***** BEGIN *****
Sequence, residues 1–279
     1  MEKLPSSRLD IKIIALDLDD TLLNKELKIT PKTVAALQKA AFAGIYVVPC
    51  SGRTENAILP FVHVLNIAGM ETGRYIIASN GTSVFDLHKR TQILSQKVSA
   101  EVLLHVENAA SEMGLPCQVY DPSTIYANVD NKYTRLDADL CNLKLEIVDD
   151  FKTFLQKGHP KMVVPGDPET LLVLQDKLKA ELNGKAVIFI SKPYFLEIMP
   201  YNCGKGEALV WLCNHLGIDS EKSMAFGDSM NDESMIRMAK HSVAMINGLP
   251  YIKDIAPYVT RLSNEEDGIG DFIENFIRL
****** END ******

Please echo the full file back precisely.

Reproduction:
Sequence, residues 1–279
     1  MEKLPSSRLD IKIIALDLDD TLLNKELKIT PKTVAALQKA AFAGIYVVPC
    51  SGRTENAILP FVHVLNIAGM ETGRYIIASN GTSVFDLHKR TQILSQKVSA
   101  EVLLHVENAA SEMGLPCQVY DPSTIYANVD NKYTRLDADL CNLKLEIVDD
   151  FKTFLQKGHP KMVVPGDPET LLVLQDKLKA ELNGKAVIFI SKPYFLEIMP
   201  YNCGKGEALV WLCNHLGIDS EKSMAFGDSM NDESMIRMAK HSVAMINGLP
   251  YIKDIAPYVT RLSNEEDGIG DFIENFIRL